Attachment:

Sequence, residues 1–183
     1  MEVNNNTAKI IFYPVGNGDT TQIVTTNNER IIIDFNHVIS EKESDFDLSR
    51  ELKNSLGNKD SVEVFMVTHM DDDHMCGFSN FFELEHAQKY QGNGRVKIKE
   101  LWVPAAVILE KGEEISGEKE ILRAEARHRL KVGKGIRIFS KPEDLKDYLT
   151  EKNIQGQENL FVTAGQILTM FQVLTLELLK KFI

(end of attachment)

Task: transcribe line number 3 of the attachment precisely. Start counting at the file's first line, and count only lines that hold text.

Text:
    51  ELKNSLGNKD SVEVFMVTHM DDDHMCGFSN FFELEHAQKY QGNGRVKIKE